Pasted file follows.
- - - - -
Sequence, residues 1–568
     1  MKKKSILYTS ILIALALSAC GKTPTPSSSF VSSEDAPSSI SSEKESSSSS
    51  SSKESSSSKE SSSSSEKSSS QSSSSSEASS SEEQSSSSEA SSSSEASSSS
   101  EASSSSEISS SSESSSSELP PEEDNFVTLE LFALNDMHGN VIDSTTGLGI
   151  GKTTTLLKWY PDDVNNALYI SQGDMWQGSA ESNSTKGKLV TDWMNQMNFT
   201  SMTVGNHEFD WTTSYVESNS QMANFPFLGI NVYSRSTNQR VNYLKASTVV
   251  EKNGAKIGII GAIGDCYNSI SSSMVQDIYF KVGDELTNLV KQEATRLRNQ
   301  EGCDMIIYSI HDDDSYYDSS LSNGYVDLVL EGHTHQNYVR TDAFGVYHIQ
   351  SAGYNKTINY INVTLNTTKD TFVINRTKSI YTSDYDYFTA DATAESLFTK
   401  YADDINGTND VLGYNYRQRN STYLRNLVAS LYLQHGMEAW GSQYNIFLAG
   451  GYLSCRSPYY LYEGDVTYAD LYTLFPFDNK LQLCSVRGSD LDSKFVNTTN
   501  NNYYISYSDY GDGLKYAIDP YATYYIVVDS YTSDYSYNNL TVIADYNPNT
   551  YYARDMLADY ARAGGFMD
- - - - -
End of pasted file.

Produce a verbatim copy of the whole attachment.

Sequence, residues 1–568
     1  MKKKSILYTS ILIALALSAC GKTPTPSSSF VSSEDAPSSI SSEKESSSSS
    51  SSKESSSSKE SSSSSEKSSS QSSSSSEASS SEEQSSSSEA SSSSEASSSS
   101  EASSSSEISS SSESSSSELP PEEDNFVTLE LFALNDMHGN VIDSTTGLGI
   151  GKTTTLLKWY PDDVNNALYI SQGDMWQGSA ESNSTKGKLV TDWMNQMNFT
   201  SMTVGNHEFD WTTSYVESNS QMANFPFLGI NVYSRSTNQR VNYLKASTVV
   251  EKNGAKIGII GAIGDCYNSI SSSMVQDIYF KVGDELTNLV KQEATRLRNQ
   301  EGCDMIIYSI HDDDSYYDSS LSNGYVDLVL EGHTHQNYVR TDAFGVYHIQ
   351  SAGYNKTINY INVTLNTTKD TFVINRTKSI YTSDYDYFTA DATAESLFTK
   401  YADDINGTND VLGYNYRQRN STYLRNLVAS LYLQHGMEAW GSQYNIFLAG
   451  GYLSCRSPYY LYEGDVTYAD LYTLFPFDNK LQLCSVRGSD LDSKFVNTTN
   501  NNYYISYSDY GDGLKYAIDP YATYYIVVDS YTSDYSYNNL TVIADYNPNT
   551  YYARDMLADY ARAGGFMD